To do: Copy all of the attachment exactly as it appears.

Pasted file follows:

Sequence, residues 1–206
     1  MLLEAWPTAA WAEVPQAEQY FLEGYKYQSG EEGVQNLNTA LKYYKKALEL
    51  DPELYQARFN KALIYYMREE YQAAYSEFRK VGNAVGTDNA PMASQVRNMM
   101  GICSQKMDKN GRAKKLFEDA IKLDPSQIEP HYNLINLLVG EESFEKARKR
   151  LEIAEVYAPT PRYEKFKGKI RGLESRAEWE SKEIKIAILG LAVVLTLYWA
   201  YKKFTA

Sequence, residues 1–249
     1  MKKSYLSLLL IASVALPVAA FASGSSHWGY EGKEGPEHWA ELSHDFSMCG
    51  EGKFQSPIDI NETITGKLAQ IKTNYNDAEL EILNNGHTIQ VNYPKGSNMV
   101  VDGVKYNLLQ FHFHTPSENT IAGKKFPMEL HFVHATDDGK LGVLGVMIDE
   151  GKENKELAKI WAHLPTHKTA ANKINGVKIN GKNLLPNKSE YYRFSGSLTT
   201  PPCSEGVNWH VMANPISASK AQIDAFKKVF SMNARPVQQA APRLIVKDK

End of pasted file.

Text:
Sequence, residues 1–206
     1  MLLEAWPTAA WAEVPQAEQY FLEGYKYQSG EEGVQNLNTA LKYYKKALEL
    51  DPELYQARFN KALIYYMREE YQAAYSEFRK VGNAVGTDNA PMASQVRNMM
   101  GICSQKMDKN GRAKKLFEDA IKLDPSQIEP HYNLINLLVG EESFEKARKR
   151  LEIAEVYAPT PRYEKFKGKI RGLESRAEWE SKEIKIAILG LAVVLTLYWA
   201  YKKFTA

Sequence, residues 1–249
     1  MKKSYLSLLL IASVALPVAA FASGSSHWGY EGKEGPEHWA ELSHDFSMCG
    51  EGKFQSPIDI NETITGKLAQ IKTNYNDAEL EILNNGHTIQ VNYPKGSNMV
   101  VDGVKYNLLQ FHFHTPSENT IAGKKFPMEL HFVHATDDGK LGVLGVMIDE
   151  GKENKELAKI WAHLPTHKTA ANKINGVKIN GKNLLPNKSE YYRFSGSLTT
   201  PPCSEGVNWH VMANPISASK AQIDAFKKVF SMNARPVQQA APRLIVKDK